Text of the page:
Why Traditional SEO Is Dying

Why Traditional SEO Is Dying
This post was published on the now-closed HuffPost Contributor platform. Contributors control their own work and posted freely to our site. If you need to flag this entry as abusive, send us an email.

Life seemed simpler back in the early days of online search. Users relied on search engines to look up information, instead of apps and social media channels like they do now. Back then, brands simply needed to insert the right keywords in the right places to rank well in search results. But, today's new technologies and features-- things like apps, social media and voice search--have redefined "simple." Thanks to them, today's average users are on the hunt for an even more streamlined experience. They want ultra-simplicity, the kind that requires bare minimum effort. In fact, the concept of having information at their fingertips no longer cuts it. That is unless they're getting it spoon fed.

Baruch Labunksi the CEO Rank Secure, the leading SEO, and marketing expert of today, says today's users aren't even on search engines most of the time. According to him, consumers are "spending 85% of their smartphone time on apps where they're getting tied up by social media, game apps, and texting."


Truth be told, says Labunksi "search engines are no longer at the center of user insight in the way that they once were. Now users have access to mobile technology and AI that makes search endeavors easier and completely changed the way people seek out information".

Assuming the SEO guru has it right, what does this mean for the future of search? What's more, what does Labunksi think technology has in store for its future? We sat down with him to find out.

Reliance On Mobile and Voice Search

In 2015 alone, the volume of mobile data traffic grew globally by 74%. With mobile internet access expanding rapidly across the globe, it's clear that mobile technology is increasingly dictating the way consumers search and digest blog content. This is another aspect of search, Labunksi suggests will be affected. "No one uses search engines on mobile devices anymore," Labunksi notes. "Setting a desktop's homepage to Google is, even today, pretty customary. But search on mobile these days tends to be much more rooted in apps."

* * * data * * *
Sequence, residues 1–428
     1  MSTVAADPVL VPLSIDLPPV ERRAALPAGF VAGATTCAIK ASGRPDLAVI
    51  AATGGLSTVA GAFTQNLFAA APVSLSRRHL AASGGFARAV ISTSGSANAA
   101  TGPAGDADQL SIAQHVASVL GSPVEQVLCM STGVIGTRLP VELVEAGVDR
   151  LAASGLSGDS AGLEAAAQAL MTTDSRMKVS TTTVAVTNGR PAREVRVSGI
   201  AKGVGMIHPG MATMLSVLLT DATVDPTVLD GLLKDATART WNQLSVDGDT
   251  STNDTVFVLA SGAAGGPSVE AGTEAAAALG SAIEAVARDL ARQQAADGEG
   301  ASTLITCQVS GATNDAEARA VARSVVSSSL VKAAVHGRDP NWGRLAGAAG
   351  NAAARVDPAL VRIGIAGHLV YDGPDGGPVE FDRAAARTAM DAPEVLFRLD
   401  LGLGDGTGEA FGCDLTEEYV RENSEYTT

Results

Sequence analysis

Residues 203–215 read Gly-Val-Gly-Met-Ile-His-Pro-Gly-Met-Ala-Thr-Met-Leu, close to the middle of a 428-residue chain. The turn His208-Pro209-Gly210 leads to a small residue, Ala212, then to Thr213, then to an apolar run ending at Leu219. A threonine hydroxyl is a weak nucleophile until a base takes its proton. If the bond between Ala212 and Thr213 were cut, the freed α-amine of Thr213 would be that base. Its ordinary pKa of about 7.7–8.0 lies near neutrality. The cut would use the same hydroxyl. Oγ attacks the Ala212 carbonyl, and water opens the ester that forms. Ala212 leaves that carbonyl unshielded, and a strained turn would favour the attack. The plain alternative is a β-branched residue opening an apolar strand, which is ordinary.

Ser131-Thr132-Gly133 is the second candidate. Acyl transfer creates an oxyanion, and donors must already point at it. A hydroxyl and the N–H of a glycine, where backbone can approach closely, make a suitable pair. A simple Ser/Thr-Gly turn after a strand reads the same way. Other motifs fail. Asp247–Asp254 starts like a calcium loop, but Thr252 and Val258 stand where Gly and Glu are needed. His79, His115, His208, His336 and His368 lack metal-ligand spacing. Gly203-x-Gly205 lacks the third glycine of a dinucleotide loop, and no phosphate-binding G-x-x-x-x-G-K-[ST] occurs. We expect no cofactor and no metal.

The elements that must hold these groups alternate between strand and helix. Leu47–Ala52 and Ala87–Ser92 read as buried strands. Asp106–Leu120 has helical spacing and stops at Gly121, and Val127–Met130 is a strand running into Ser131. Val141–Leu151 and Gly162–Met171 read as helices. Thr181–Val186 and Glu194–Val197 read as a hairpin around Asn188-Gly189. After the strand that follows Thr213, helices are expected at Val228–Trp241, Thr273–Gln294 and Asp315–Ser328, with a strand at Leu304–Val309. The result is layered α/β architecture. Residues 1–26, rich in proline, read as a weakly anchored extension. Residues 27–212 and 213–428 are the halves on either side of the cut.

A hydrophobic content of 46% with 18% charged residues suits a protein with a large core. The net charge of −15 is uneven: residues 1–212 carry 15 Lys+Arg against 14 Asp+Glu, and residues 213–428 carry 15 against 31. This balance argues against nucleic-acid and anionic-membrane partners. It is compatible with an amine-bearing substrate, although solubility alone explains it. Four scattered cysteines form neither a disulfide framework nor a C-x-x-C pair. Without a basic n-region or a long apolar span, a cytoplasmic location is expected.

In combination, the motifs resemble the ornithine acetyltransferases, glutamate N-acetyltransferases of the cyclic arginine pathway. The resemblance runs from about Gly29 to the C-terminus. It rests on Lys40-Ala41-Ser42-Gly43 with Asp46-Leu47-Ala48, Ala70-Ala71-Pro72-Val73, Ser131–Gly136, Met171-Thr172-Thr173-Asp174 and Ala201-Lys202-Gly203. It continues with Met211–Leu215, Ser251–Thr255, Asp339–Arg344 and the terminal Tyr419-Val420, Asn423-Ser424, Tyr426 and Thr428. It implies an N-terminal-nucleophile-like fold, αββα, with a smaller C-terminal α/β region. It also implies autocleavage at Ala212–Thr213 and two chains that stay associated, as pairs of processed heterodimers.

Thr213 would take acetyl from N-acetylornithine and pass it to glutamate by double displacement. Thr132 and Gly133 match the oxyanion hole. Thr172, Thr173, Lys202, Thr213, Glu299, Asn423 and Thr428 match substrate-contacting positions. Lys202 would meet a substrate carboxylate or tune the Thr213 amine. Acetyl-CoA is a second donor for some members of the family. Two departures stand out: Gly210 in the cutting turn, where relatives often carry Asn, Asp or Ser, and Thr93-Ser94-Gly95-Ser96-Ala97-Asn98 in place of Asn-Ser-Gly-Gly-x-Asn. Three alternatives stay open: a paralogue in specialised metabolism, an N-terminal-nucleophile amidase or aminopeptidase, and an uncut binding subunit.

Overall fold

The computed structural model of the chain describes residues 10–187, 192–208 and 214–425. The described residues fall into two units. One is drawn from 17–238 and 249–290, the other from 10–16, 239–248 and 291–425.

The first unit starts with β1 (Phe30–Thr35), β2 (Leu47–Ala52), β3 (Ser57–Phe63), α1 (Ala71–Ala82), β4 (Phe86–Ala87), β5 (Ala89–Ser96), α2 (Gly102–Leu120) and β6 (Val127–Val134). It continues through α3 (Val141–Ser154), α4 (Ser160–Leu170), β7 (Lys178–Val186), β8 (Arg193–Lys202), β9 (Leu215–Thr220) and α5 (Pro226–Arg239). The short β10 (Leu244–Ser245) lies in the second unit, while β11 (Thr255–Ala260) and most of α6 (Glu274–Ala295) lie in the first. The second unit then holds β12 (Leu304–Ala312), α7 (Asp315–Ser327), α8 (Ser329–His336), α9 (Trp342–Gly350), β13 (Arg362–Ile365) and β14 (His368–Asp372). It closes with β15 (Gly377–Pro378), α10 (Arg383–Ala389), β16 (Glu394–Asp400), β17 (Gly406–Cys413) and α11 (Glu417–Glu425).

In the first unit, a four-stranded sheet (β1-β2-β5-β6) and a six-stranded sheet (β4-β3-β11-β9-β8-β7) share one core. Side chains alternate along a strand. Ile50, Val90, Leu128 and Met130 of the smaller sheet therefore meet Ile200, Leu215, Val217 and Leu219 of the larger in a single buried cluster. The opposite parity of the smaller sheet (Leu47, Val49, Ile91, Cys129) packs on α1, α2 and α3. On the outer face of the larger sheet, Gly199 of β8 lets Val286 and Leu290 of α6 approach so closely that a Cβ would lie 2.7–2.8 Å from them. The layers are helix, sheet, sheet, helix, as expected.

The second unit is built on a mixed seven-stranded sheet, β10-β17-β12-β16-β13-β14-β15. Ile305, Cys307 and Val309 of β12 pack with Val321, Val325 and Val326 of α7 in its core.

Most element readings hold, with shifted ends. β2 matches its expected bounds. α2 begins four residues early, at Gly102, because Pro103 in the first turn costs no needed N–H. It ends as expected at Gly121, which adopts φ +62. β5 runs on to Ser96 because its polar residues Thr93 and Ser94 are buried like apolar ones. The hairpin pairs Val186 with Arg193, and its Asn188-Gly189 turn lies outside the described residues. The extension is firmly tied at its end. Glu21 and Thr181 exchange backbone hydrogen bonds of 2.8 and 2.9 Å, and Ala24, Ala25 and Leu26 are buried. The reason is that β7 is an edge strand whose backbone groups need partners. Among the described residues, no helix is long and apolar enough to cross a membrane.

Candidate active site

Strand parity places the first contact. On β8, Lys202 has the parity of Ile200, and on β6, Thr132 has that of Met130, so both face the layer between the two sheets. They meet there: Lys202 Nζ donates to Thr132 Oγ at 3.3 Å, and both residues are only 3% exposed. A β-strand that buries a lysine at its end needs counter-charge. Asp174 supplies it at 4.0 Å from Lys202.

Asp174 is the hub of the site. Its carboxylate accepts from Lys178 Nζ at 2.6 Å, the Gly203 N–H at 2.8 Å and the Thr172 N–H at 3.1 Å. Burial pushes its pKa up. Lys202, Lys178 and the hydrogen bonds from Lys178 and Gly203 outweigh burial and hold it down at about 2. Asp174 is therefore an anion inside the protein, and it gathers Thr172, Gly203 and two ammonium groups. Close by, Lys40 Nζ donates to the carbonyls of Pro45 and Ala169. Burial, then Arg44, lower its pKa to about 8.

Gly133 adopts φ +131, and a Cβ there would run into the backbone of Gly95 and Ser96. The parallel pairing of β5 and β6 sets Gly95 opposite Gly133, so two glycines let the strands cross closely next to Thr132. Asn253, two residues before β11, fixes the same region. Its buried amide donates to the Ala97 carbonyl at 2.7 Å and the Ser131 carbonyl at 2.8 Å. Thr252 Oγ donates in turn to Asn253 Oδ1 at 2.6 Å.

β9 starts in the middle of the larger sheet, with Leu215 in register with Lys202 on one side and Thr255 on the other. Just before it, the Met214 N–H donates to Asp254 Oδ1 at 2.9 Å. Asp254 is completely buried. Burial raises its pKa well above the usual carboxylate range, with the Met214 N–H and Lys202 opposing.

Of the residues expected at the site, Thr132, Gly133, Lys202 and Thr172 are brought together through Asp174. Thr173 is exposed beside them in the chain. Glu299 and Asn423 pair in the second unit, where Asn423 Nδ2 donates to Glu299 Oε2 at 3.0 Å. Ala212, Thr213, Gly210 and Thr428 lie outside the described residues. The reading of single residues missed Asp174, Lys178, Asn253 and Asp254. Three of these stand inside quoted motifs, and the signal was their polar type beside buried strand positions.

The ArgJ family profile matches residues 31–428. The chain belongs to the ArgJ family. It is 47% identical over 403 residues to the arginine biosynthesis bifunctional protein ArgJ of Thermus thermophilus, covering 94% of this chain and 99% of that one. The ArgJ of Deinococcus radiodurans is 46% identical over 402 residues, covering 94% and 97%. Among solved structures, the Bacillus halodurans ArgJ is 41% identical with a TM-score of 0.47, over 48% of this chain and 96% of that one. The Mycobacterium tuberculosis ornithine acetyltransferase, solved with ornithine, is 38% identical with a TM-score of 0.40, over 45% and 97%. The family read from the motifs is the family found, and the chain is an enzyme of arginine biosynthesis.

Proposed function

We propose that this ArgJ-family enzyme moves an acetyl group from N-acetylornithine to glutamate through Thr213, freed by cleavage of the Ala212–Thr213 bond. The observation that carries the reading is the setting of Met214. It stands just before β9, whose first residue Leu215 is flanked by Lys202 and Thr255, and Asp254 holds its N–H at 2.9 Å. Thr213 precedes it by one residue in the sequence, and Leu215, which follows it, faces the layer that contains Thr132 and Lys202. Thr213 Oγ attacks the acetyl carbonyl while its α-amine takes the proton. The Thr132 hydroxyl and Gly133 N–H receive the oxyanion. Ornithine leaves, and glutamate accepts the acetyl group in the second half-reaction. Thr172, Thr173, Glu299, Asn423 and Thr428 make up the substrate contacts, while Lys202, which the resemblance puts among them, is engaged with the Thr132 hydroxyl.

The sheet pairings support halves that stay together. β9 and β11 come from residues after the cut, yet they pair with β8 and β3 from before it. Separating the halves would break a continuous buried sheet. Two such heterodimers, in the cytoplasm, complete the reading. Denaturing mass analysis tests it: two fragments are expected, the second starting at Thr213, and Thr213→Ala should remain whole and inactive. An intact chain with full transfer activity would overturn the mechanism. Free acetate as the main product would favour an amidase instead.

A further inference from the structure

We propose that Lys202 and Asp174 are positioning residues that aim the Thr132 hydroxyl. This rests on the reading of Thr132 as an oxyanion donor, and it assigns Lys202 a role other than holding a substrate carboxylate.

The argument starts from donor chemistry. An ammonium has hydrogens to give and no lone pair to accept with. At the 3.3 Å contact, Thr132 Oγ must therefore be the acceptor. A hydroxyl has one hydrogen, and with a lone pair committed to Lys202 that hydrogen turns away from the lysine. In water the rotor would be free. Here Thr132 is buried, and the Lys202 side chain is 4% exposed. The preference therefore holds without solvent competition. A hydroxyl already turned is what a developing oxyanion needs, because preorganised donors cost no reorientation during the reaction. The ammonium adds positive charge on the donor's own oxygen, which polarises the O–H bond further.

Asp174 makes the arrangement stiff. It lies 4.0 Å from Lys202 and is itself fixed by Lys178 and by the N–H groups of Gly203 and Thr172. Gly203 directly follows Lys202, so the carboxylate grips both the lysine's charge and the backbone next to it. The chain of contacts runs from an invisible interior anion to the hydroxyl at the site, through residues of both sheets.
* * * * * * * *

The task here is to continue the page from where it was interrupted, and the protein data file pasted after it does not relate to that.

By Labunksi predictions, app use for the sake of information search instead of a browser will be a future direction that search takes. Google's recent launch of Accelerated Mobile Pages is proof that they're already anticipating this evolution from browser to mobile search. Of course, there's still another factor that will have an affect on the way people use mobile to search.

Mobile voice search is becoming an increasingly common way for users to make queries and carry out tasks. Digital assistants like Siri and Alexa are making it all the more easy for people to integrate the internet into their daily lives.

"Practically every user relies on digital assistants," Labunksi says as he points to a time when people thought Bluetooth users looked ridiculous as they appeared to be talking to themselves. "Now people just assume that that's the reason why they're talking without anyone else around." The thing is, Siri and Alexa, don't have to use search engines like Bing, Yahoo or Google to provide results. "The digital assistants don't need Google," Labunksi mentions, "which means users who rely on assistants don't either."

Context Will Become Search's Right Hand Man

As Labunksi points out, search engines have been personalizing the results we receive for years. "They use our search history and social activity to pin down products we might like, but there's a bigger future for search engines that extends beyond product ads," he says. In the future, Labunksi says that search will cater to our more personal dilemmas, like what to eat when you're on a diet.

Say for instance that you've decided to really buckle down and stick with a strict workout and diet routine. To track your every calorie and move you use a phone app which notes the type of allergies and restrictions you have. Search engines like Google would keep track of this information for you when you look for recipes and head over to a grocery store. As opposed to receiving a stack of general healthy recipe recommendations, your results will cater to your specific diet and weight interests. As opposed to receiving recommendations for recipes that include ingredients that affect your allergies, you receive ones for recipes that account for your dietary restrictions.

Ask Jeeves' And the Natural Language Search Come Back

By now practically everyone can recognize that the 90s search engine Ask Jeeves, was well ahead of its time. Well before search engines of today were modifying SEO for mobile, Jeeves was already allowing users to make search queries using everyday language. Ultimately the site lost out to search engines like Google and Yahoo that encouraged users to get to the point with keywords.

While it's far too late for Ask Jeeves at this point, today's search engines have a chance of staying relevant for users if they model Jeeve's initial search concept. This is especially true considering that the rise of mobile voice search is also producing an increase of natural language queries. Which, according to Baruch Labunksi, is completely turning SEO on its head. "Ironically, today's search engines are starting to go for that Q&A format that excluded Ask Jeeves from the user equation in the first place," he notes. In fact, in his opinion, the future of search relies heavily on Jeeve's Question & Answers search concept. Sites like Amazon and Quora already utilize these Question & Answers features. Their high ranking position on search engines might be proof that this shift is already in action.

To thrive in the future world of increasing natural language query, sites will have to have the answer to user questions readily available.

Popular in the Community


What's Hot